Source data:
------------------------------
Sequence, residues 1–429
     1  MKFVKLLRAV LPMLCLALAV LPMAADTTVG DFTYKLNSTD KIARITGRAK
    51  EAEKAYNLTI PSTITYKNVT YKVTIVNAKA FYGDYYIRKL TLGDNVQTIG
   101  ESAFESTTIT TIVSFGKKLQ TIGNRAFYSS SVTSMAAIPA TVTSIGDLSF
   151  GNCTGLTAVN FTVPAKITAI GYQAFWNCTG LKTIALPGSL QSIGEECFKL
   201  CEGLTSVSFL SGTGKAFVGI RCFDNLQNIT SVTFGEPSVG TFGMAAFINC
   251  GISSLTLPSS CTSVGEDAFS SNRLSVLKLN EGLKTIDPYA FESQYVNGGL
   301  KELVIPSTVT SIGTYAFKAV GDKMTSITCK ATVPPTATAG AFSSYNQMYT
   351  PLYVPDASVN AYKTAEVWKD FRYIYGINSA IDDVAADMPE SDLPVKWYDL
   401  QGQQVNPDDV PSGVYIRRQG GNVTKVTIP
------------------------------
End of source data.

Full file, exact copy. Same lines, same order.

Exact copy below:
Sequence, residues 1–429
     1  MKFVKLLRAV LPMLCLALAV LPMAADTTVG DFTYKLNSTD KIARITGRAK
    51  EAEKAYNLTI PSTITYKNVT YKVTIVNAKA FYGDYYIRKL TLGDNVQTIG
   101  ESAFESTTIT TIVSFGKKLQ TIGNRAFYSS SVTSMAAIPA TVTSIGDLSF
   151  GNCTGLTAVN FTVPAKITAI GYQAFWNCTG LKTIALPGSL QSIGEECFKL
   201  CEGLTSVSFL SGTGKAFVGI RCFDNLQNIT SVTFGEPSVG TFGMAAFINC
   251  GISSLTLPSS CTSVGEDAFS SNRLSVLKLN EGLKTIDPYA FESQYVNGGL
   301  KELVIPSTVT SIGTYAFKAV GDKMTSITCK ATVPPTATAG AFSSYNQMYT
   351  PLYVPDASVN AYKTAEVWKD FRYIYGINSA IDDVAADMPE SDLPVKWYDL
   401  QGQQVNPDDV PSGVYIRRQG GNVTKVTIP